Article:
Post-Graduation Program in Psychiatry and Medical Psychology, Universidade Federal de São Paulo (Unifesp), São Paulo, SP, Brazil; Research Group in Molecular and Behavioral Neuroscience of Mood Disorders, Universidade Federal de São Paulo (Unifesp), São Paulo, SP, Brazil; Department of Psychiatry, Queen's University School of Medicine, Kingston, ON, Canada. Electronic address: [Email]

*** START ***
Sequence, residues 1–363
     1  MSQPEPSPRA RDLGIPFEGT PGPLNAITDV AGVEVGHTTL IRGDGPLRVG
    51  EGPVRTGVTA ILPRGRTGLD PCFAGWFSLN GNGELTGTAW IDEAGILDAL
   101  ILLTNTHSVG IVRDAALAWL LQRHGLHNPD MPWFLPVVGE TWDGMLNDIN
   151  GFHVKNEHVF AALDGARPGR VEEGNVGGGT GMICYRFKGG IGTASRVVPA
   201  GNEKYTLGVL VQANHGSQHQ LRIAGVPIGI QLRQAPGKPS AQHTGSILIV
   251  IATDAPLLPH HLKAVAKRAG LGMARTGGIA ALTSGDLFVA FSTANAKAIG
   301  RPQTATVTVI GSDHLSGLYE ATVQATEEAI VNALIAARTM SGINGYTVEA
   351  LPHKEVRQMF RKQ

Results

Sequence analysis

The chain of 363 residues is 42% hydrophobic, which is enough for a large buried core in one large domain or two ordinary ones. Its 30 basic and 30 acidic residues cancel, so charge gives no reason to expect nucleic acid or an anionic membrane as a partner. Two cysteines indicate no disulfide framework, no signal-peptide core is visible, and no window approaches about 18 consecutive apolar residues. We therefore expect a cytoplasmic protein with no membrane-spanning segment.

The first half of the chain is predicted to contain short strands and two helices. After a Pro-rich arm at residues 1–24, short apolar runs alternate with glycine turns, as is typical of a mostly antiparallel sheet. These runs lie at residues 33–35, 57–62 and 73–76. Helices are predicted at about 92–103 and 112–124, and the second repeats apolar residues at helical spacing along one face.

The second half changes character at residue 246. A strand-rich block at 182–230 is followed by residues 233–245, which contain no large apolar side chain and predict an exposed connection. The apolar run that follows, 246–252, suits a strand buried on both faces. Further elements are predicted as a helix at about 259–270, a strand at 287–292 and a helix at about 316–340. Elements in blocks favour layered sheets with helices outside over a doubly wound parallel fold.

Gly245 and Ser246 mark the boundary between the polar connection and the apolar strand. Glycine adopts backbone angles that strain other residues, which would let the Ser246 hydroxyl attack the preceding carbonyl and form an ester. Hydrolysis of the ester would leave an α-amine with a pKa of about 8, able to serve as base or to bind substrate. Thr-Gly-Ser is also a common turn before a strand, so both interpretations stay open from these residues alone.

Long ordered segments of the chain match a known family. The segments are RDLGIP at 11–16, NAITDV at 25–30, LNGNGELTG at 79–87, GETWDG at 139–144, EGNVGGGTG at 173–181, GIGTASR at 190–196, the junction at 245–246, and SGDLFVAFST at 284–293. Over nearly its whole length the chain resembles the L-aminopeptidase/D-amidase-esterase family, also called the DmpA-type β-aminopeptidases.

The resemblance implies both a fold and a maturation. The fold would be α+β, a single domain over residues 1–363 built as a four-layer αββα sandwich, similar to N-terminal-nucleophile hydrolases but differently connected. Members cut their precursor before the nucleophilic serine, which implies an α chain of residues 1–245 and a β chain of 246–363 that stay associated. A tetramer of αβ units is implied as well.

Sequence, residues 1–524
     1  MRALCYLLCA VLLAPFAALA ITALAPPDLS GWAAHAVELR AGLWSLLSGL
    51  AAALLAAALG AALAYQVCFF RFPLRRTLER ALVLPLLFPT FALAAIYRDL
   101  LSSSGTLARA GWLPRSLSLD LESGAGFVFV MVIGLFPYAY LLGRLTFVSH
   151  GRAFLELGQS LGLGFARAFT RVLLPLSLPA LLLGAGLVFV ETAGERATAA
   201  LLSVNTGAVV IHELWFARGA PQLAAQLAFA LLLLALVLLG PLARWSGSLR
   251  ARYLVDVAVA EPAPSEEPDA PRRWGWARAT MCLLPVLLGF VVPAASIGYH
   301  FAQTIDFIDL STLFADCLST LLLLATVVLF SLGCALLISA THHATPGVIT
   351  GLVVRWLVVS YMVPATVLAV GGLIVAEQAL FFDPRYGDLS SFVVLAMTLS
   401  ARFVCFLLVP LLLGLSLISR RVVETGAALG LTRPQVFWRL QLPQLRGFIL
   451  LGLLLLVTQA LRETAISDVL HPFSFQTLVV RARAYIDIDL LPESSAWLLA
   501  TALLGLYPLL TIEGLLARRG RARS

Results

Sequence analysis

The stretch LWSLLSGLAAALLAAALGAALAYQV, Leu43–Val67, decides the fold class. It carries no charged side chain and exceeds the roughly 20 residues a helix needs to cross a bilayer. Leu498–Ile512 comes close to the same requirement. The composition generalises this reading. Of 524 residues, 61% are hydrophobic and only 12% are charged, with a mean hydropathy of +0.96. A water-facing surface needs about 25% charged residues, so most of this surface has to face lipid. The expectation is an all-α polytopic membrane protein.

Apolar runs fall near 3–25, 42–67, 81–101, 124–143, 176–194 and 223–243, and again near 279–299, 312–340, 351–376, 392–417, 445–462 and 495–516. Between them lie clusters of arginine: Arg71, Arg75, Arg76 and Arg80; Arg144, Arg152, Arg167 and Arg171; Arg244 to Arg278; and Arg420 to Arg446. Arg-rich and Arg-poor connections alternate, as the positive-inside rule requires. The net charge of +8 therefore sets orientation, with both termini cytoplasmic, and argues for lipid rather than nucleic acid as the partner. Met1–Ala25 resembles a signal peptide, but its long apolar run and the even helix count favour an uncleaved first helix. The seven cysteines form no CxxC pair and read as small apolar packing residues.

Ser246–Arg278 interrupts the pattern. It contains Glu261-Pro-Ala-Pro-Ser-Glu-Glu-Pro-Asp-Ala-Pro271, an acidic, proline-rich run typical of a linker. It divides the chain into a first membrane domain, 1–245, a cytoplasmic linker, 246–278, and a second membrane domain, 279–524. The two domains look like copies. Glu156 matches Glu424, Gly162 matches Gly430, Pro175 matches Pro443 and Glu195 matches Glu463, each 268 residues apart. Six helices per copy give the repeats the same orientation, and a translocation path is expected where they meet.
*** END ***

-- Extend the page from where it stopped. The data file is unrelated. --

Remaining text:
Epidemiological and mechanistic studies support the association between Diabetes Mellitus and mood disorders, such as Major Depressive Disorder and Bipolar Disorder. This association is especially relevant in specific domains of depressive psychopathology, such as disturbances in reward systems and cognitive functions. Several anti-hyperglycemic agents have demonstrated effects on depressive symptoms and cognitive decline and this efficacy is probably the result of an action in shared brain targets between these two groups of conditions. These medications include subcutaneous insulin, intranasal insulin, metformin, and liraglutide. The study of the mechanisms involved in the relationship between Diabetes Mellitus and mood disorders offers a new avenue of investigation, and this understanding can be applied when examining whether antidiabetic agents can be repurposed as antidepressants and mood stabilizers. The objective of this narrative review is to critically appraise the literature surrounding drugs commonly used as anti-hyperglycemic agents and their effects on the brain, while discussing their potential as a new treatment for mental illnesses, and specifically, mood disorders.